But when from a long-distant past nothing subsists, after the people are dead, after the things are broken and scattered, taste and smell alone, more fragile but more enduring, more immaterial, more persistent, more faithful, remain poised a long time, like souls, remembering, waiting, hoping, amid the ruins of all the rest; and bear unflinchingly, in the tiny and almost impalpable drop of their essence, the vast structure of recollection.
Marcel Proust, in Swann's Way, 1913
The nose detects stray molecules--if something has an aroma, it is emanating molecules.
When Leslie walks past me, tiny parts of her shimmer away, forming a molecular cloud of Leslieness. I sniff imperceptibly (to her, anyway--27 years of obvious sniffing could wear out any marriage). I collect tiny pieces of my love and gather them (her?) in my nose. There tiny hairs caress the molecules. The science gets a little fuzzy here, but one hypothesis is that the shapes of the molecules trigger different odor receptor neurons, which ultimately send the signals to the brain.
To understand smell and memory, however, you need to understand that the brain is not a single organ. It has all kinds of parts with all kinds of functions.
Ask a 9 year old child what the brain does: "It thinks." This is a cortical function--the gray matter coating the outside layer, the cortex, triggers voluntary movements, "thinks," and helps keep memory in sequence. Its the part of the brain that makes humans human.
This, however, is not the part of the brain used by your nose. The olfactory neurons reach deep into the limbic system, the ancient part of your brain shared by other warm-blooded critters, the part that deals with levels of consciousness we uncomfortably recognize as "animal." The parts sound comically ominous--the amygdala, the hippocampus, the uncus.
Here is where the heart truly lies, the center of passion, lust, fear, and pleasure. Here is where the deepest memories lie, hidden from the cortex. The limbic system transfers information into memory, and the information is colored by emotional input.
This is the brain shared with other mammals--swirling memories are tagged with emotion for survival. This is the stuff of nightmares and wet dreams, memories and surges of emotion tied timelessly together.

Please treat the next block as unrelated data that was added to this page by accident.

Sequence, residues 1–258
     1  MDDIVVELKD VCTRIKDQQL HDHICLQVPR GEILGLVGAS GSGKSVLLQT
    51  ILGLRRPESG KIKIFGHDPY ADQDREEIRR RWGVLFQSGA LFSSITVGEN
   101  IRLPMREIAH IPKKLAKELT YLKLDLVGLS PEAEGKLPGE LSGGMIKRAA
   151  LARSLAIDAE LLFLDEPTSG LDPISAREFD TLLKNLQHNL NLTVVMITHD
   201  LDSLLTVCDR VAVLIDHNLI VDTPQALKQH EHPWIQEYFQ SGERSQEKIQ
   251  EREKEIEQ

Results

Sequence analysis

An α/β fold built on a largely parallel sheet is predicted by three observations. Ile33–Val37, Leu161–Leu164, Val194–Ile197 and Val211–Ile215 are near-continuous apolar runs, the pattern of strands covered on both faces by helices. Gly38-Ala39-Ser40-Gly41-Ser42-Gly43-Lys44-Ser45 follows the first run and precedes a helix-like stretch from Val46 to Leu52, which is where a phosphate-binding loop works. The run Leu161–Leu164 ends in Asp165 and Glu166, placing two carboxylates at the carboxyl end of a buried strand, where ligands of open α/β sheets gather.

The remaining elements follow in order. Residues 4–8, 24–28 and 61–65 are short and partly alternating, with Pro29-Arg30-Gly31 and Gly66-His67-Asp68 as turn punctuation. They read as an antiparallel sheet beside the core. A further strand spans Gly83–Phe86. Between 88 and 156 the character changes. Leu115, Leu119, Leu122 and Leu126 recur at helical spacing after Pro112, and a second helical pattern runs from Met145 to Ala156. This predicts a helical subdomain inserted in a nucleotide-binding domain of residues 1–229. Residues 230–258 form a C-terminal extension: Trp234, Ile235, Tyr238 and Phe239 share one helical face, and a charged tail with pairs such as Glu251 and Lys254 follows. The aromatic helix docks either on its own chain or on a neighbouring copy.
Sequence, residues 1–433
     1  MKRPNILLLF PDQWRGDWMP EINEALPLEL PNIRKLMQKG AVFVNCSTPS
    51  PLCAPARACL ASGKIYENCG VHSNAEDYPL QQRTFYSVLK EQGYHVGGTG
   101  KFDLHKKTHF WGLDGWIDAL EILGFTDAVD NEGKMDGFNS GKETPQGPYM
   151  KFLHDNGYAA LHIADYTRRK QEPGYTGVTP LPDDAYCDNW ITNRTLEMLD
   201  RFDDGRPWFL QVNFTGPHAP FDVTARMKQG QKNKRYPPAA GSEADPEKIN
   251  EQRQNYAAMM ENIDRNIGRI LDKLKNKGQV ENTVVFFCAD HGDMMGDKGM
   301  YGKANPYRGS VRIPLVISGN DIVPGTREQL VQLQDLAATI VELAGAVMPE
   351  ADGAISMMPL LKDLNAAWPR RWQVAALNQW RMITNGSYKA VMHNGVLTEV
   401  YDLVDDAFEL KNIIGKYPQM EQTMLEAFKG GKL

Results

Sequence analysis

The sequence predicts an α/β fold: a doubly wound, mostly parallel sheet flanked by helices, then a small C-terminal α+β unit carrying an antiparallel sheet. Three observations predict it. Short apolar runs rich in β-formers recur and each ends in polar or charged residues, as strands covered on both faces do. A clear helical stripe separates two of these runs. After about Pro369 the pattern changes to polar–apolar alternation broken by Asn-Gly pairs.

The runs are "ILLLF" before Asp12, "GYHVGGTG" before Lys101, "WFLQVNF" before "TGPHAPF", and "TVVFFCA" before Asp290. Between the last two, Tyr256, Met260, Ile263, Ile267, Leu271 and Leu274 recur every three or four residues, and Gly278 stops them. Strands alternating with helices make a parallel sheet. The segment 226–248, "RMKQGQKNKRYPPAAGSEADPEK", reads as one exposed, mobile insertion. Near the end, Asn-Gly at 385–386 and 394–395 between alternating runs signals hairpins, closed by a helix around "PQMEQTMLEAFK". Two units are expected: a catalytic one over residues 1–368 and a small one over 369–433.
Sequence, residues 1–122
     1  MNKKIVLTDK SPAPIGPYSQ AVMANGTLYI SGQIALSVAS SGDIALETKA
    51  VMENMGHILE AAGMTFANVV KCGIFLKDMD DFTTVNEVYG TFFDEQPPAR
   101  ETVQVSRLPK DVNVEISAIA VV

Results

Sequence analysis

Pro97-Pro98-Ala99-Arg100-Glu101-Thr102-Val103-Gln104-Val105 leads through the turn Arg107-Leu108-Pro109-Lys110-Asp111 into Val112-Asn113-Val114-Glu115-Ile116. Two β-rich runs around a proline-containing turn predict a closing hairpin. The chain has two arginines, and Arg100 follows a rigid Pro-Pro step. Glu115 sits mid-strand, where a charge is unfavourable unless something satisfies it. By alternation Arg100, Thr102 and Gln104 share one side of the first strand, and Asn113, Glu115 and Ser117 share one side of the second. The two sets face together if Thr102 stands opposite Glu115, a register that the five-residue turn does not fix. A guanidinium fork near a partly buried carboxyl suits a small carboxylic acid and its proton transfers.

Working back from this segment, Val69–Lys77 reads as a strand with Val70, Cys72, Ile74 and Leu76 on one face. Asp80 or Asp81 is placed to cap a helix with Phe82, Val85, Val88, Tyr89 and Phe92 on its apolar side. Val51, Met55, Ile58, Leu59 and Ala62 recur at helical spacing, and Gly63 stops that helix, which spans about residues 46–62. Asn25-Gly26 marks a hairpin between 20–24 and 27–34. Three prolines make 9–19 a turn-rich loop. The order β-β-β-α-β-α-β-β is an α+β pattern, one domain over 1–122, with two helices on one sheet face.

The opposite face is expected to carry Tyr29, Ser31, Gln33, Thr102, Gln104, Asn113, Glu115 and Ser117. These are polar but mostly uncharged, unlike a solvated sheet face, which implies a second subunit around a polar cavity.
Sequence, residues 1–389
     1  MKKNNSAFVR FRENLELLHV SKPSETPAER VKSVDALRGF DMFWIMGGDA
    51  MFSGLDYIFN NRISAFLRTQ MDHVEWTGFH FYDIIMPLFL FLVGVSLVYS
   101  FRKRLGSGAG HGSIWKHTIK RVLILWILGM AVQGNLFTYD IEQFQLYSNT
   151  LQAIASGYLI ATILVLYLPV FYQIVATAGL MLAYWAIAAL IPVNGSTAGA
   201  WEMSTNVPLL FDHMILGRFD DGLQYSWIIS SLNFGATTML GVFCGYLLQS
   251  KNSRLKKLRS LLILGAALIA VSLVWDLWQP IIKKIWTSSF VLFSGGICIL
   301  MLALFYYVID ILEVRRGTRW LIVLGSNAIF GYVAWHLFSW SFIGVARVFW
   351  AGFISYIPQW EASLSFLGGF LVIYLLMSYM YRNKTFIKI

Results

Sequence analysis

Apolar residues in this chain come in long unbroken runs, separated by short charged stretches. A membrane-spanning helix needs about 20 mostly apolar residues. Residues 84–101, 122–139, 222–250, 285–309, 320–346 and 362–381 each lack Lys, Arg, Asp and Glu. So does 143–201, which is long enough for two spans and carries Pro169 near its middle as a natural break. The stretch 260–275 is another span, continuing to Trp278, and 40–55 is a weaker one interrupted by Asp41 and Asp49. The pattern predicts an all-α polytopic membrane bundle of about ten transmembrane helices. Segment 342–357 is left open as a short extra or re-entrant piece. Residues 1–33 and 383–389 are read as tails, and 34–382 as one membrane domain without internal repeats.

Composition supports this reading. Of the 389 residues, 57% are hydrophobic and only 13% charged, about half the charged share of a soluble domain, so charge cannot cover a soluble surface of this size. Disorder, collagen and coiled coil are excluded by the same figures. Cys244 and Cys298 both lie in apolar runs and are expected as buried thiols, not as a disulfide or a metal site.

And my wife wonders why I like to sniff her so much....
Want to evoke childhood memories? Smell an old gum eraser. Memories come flooding back. The aroma of turkey on Thanksgiving, the piney smell of Christmas, the woody smell of the season's first barbecue all evoke strong memories and emotions.
Marcel Proust knew this--"the taste of the piece of madeleine soaked in her decoction of lime-blossom" resurrected a whole town from his memories of years before. Proust creates long, vivid passages of memory and emotion blended together from a smell, a taste. The ability of a certain aroma to open a floodgate of memories is now called the "Proust effect."
Of what use is this?
In a world of deodorants and sanitizers, what chance does the limbus have of evoking the earthy warmth of the first kiss in June three decades ago from the subtle waft of pheromones today? Turns out perhaps more than we suspected.
Some human pheromone-like substances do not trigger the olfactory system, yet still trigger pathways from the nose to the limbus via accessory pathways. Scientists call this "subliminal biologic odour,"1 Mothers recognize babies and lovers recognize each other at levels beneath our consciousness. Women who live together for a bit soon find their menstrual cycles synchronized.
This may be news to us--we trust our cortical, sequential world more than the morass of memory and mood mucking about in our nether-brains.
Still, if you're feeling a bit disconnected from your limbus, a bit too corporate, you're feeling just a bit too efficient in your high-tech world, here's the recipe for a cheap thrill.
Go to the dollar store and buy school paste, the thick white stuff your teacher used to scoop out of the gallon pail with a tongue depressor. Also buy a package of manila paper. Scrape some paste onto the paper, dim the lights, and inhale.
1Vincenzo Rialdi, Maddalena Donetti, Stefano Dorato, "Olfactory Subliminal Perception of Human Pheromone-Like Substances," http://sssup1.sssup.it/~angeli/Symp1.html